Computational thinking (CT) describes a way of looking at problems and systems so that a computer can be used to help us solve or understand them. Computational thinking is not only essential to the development of computer programs, but can also be used to support problem solving across all disciplines.
You can teach CT to your students by getting them to break down complex problems into smaller ones, (decomposition), to recognize patterns (pattern recognition), to identify the relevant details for solving a problem (abstraction); or setting out the rules or instructions to follow in order to achieve a desired outcome (algorithm design). CT can be taught across different disciplines, for instance in Mathematics (figure out the rules for factoring 2nd-order polynomials), Literature (to break down the analysis of a poem into analysis of meter, rhyme, and structure), Languages (find patterns in the ending letters of a verb that affect its spelling as tense changes) and many others.
In this video, Miles Berry, Principal Lecturer at University of Roehampton School of Education at Guildford (United Kingdom), will introduce the concept of computational thinking and the different ways a teacher can integrate it in the classroom with simple games.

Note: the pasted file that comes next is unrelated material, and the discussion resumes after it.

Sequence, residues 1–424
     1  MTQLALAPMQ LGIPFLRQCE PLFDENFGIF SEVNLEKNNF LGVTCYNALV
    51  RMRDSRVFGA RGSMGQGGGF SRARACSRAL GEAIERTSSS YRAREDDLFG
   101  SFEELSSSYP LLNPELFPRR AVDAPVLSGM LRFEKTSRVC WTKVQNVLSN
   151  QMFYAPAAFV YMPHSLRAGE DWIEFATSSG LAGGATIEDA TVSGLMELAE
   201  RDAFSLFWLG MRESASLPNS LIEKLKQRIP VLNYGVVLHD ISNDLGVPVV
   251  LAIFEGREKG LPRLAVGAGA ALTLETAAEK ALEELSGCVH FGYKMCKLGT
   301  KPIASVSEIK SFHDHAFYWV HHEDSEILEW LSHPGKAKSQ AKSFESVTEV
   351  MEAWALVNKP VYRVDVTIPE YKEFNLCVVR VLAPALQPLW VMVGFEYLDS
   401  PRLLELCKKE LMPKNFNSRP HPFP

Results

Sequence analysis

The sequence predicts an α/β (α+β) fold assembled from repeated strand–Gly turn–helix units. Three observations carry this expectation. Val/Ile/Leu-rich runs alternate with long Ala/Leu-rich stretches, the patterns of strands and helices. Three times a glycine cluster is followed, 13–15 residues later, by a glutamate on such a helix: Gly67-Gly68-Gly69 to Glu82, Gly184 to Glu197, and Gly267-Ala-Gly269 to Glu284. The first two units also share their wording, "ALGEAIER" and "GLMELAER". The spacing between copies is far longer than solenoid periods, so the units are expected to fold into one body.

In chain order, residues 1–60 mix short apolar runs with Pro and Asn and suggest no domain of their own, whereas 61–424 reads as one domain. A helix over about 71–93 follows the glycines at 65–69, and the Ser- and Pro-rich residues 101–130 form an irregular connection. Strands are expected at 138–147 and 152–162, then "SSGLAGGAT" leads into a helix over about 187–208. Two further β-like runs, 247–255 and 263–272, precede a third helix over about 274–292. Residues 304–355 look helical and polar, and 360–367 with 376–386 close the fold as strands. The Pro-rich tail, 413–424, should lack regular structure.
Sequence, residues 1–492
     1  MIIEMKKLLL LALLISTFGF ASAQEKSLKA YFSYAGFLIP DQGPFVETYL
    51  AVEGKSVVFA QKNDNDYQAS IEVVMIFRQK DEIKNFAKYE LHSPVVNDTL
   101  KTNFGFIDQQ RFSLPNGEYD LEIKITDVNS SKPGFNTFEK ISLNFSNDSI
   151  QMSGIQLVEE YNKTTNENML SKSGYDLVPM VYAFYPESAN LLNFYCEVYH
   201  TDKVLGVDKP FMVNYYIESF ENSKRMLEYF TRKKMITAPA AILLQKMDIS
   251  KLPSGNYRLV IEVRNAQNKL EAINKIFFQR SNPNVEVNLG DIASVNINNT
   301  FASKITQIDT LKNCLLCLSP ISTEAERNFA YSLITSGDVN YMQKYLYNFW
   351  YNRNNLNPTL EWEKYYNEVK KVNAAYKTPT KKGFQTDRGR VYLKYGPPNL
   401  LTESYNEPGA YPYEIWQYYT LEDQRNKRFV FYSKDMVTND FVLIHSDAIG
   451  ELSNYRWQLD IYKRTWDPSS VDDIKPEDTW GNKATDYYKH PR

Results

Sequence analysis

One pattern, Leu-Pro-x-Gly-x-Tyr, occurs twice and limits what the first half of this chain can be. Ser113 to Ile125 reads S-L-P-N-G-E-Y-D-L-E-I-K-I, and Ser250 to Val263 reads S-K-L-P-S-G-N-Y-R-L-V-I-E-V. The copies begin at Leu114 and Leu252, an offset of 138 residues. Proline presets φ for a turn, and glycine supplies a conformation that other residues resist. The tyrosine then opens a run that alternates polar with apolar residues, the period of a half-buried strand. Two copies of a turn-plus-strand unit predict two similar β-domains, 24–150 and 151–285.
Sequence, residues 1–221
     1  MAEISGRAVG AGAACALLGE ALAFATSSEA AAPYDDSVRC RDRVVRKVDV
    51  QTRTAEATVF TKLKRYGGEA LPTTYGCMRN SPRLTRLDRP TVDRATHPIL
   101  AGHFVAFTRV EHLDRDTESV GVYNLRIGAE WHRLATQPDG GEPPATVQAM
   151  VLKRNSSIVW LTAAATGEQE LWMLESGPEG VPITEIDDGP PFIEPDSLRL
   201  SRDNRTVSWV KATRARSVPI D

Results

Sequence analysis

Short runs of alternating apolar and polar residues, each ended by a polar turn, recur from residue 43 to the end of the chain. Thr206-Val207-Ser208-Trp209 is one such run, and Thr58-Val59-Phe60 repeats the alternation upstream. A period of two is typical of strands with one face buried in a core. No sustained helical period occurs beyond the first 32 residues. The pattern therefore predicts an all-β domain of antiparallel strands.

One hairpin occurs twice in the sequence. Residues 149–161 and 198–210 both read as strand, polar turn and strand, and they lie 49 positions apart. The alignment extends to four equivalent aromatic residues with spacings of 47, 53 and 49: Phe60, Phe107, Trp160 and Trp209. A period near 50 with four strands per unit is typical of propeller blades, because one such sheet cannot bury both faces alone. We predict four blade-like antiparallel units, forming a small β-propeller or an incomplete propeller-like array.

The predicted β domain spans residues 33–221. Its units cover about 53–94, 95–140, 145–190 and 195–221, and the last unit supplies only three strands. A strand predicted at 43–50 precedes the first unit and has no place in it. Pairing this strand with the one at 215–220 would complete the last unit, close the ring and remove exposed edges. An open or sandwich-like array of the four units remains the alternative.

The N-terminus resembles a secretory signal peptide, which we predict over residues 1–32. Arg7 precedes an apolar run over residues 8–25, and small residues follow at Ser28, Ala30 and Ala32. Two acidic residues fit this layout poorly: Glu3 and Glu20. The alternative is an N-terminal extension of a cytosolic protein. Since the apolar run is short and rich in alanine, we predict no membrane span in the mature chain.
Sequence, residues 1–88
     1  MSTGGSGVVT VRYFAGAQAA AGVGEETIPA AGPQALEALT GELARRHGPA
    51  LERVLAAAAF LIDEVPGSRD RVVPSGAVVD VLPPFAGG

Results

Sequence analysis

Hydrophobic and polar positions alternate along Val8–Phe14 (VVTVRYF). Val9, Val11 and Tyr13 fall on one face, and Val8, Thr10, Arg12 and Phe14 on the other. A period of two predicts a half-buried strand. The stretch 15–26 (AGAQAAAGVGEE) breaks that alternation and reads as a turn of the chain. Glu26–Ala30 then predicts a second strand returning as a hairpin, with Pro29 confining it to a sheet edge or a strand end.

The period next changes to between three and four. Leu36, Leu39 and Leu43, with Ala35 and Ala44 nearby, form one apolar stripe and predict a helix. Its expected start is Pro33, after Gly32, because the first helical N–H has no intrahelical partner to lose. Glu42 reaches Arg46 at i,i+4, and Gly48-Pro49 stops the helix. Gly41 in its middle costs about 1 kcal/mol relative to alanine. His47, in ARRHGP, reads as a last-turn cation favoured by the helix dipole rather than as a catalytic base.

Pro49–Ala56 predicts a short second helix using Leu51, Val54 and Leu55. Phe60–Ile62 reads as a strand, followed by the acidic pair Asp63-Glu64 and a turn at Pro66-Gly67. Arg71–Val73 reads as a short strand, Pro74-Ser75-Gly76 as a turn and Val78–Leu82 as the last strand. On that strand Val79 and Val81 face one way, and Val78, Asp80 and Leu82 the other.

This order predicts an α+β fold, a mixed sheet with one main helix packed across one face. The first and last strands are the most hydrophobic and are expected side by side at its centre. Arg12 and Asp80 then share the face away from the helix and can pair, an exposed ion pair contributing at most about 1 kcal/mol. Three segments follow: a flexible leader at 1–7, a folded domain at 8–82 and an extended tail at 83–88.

Choose one of the lesson plans below and organize an activity with your students.
You can easily organize a lesson in your classroom, an open day, or an event at your school. Just find a date and register your activity in the Code Week map. Each activity organizer will get a certificate of participation for their effort.
If you would like to connect with an international group of enthusiastic teachers, join the EU Code Week Facebook group for teachers! To take a step further and collaborate with other schools in your country or across borders – join the Code Week 4 All challenge.